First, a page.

Wednesday, June 20, 2007

Ok I'm Ready to Retire, Now What?

If your one of those people getting very close to your retirement date, you are very lucky and perhaps a bit over whelmed by it all. After all, how does one actually retire? Well before you hand in your notice to your boss. I suggest a few things you need to get in line.

Make use of any health benefits you have currently, because you won't have them in retirement. So see your dentist and get everything that needs to be done. Then your optometrist and also make sure you get a full physical with your family doctor before leaving work. Also talk to your doctor about getting a longer perception if you take something regularly. You basically want to max out every benefit you can before leaving.

Apply for any lines of credit, credit cards or any other type of credit you might need for the next twenty years as your income is going to drop and that doesn't look good when applying for new credit.

If your old enough to get Canada Pension Plan and/or Old Age Security you want to apply about six months or more before you want that first cheque.

Start planning your time in retirement. What hobbies are you going to do? Are you planning on some work in retirement? If so, doing what and where? Ask yourself a lot of questions.

Avoid handing in your retirement notice early. You might be cutting yourself out of a nice early retirement package or other buyout if it comes up before you leave.

Once you have given notice make sure all your company paperwork is up to date, especially understand what you can do with your pension money. Also if you have any stock options, make sure you understand what happens to them before you leave.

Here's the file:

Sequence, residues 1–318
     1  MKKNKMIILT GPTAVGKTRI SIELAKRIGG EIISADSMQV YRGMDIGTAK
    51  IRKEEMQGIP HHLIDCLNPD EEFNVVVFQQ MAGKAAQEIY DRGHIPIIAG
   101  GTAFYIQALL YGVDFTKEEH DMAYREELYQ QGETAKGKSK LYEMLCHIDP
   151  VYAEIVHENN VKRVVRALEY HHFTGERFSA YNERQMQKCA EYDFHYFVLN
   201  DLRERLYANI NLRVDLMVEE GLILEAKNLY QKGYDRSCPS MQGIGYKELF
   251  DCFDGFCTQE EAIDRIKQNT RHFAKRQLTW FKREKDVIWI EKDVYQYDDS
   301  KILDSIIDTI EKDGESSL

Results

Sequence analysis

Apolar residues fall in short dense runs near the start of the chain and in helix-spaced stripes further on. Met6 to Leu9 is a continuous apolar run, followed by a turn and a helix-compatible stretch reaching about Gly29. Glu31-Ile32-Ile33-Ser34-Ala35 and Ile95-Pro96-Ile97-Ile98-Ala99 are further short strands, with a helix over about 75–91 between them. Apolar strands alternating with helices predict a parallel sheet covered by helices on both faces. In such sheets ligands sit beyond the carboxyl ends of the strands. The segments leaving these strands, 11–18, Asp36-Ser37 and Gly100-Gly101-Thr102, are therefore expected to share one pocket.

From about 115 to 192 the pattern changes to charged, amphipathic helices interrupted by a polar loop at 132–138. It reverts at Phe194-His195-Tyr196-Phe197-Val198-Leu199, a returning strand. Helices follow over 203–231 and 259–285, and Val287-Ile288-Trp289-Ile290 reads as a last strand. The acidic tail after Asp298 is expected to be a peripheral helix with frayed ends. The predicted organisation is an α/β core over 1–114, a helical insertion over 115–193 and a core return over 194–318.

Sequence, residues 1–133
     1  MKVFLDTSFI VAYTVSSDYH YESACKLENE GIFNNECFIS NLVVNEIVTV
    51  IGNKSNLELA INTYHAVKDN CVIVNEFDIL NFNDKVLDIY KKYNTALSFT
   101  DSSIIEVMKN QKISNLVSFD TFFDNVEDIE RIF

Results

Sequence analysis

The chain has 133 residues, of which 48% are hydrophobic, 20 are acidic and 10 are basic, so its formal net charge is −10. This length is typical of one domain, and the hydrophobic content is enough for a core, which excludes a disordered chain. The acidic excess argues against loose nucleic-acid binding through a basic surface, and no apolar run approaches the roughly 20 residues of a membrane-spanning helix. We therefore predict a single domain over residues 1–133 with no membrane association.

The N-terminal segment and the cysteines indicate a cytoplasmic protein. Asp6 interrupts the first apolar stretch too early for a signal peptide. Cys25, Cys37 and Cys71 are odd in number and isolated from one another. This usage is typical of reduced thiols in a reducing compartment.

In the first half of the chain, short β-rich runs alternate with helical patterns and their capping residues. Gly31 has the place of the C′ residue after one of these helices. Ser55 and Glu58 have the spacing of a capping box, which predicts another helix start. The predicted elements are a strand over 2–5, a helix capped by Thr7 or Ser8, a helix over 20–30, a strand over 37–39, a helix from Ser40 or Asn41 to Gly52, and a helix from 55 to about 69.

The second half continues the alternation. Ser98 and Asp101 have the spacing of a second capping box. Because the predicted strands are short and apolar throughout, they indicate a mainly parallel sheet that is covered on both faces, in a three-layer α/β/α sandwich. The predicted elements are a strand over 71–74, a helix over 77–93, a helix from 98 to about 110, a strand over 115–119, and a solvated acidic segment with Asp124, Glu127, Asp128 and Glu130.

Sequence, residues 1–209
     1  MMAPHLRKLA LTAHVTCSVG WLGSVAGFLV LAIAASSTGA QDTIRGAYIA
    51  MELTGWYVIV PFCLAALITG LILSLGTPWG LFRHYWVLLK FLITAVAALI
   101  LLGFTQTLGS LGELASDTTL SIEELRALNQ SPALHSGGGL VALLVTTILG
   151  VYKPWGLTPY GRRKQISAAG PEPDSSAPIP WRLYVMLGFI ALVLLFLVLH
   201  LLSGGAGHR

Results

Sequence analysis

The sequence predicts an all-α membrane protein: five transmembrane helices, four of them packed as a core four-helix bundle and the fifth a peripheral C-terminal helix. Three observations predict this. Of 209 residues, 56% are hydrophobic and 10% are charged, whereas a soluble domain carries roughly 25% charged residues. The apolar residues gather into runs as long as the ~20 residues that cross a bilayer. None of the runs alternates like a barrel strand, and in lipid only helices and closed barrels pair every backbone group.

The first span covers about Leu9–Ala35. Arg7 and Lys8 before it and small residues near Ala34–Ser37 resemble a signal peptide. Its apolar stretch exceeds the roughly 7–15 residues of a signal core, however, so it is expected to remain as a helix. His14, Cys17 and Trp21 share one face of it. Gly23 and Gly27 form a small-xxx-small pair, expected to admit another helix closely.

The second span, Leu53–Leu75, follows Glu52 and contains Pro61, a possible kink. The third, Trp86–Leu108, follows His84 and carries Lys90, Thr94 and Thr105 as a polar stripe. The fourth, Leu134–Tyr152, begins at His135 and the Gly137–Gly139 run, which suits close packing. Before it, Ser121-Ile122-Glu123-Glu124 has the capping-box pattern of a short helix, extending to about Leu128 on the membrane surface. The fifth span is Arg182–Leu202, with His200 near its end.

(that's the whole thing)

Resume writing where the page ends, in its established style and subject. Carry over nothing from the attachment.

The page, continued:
Last but not least, make sure you know where all your money is and you might want to consider adjusting your portfolio to a much more conservative setup focused on protecting your capital. After all once your out of work you don't want a stock market correction to wipe out half of your retirement funds.

You might also want to consider getting any expensive home maintenance issues dealt with before you stop working. The last thing you need to start a retirement, is a renovation job that goes way over budget.

Well that's my list. If you have something to add please share.


FourPillars said...

Before you quit I would suggest talking to the bosses and let them know you're thinking of leaving. If they are planning layoffs anyways, they might be happy to give you a package rather than lay someone off who would rather stay.


FinancialJungle said...

Wow. You put a lot of thoughts into this. :)

Also ensure your company will buy out the remaining accumulated vacations.

Canadian Dream said...


That's a hard one to say if it would work out that way. It depends on how you feel about your work place.


What vacation? Use it all up as you walk out the door. Nothing like getting paid for a while when starting retirement.


FourPillars said...

I know a couple of people who did it with my company.

Obviously the odds aren't good but if you know you'll be leaving for sure then it's worth a try.


Qcash said...


The comment about rebalancing your portfolio is especially relevant. But I would suggest doing this over a couple of years prior to retirement.

The tax hit as you try to rebalance all at once could be staggering.

After six months, I am still not exactly where I want to be with my portfolio, but the juggling of the last couple securities may have to wait until next year, even though there are some good opportunities now. I just can't afford the tax.


Great article.

Q said...

Great post CD. Linked to it today!